Clean water is not only the product of expensive treatment technology but also of upstream ecosystems. Yet, the effect of land use on downstream water quality is poorly understood. We investigate the value of ecosystem water purification as an input to the production of drinking water in Sweden. We employ a recently modified empirical approach, complementing ex-ante modeling. We capture plant operator behavior, rather than assuming rational individuals that value ecosystem services as a factor in the drinking water production function. The GMM technique is applied to estimate the marginal contributions of different land uses to water quality and chemical costs of treatment plants. The analysis is based on upstream land-use data, raw water quality, and chemical costs for a large share of Sweden's municipal surface water treatment plants, for the period 2000 to 2012. Our results show that upstream forests lead to lower levels of E. coli (a pathogen associated with disease outbreaks) in downstream water and indicate the same effect on turbidity (not significant). We also find that turbidity increases treatment costs, but the effect of E. coli remains unclear. Consequently, in addition to water treatment equipment, decision-makers should consider investment in upstream ecosystems.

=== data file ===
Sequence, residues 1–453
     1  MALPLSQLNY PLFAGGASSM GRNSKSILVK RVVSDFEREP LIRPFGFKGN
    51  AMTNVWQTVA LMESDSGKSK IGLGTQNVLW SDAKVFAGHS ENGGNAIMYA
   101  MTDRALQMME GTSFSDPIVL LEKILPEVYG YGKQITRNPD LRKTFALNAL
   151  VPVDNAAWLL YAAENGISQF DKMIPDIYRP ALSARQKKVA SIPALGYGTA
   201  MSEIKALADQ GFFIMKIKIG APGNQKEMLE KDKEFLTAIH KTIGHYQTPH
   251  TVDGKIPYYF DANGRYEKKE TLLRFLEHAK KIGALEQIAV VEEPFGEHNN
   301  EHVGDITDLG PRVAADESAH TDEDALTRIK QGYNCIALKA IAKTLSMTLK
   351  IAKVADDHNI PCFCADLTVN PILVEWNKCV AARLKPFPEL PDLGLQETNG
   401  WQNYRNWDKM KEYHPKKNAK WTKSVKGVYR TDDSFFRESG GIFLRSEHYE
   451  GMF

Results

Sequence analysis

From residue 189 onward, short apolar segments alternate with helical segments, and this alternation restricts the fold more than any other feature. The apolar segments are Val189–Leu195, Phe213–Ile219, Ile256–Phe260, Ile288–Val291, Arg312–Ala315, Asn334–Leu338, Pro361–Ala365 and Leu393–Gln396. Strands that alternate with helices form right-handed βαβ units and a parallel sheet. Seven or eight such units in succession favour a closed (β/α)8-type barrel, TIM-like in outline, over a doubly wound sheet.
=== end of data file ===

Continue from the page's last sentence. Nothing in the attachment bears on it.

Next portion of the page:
Geographic information system
Generalized method of moments
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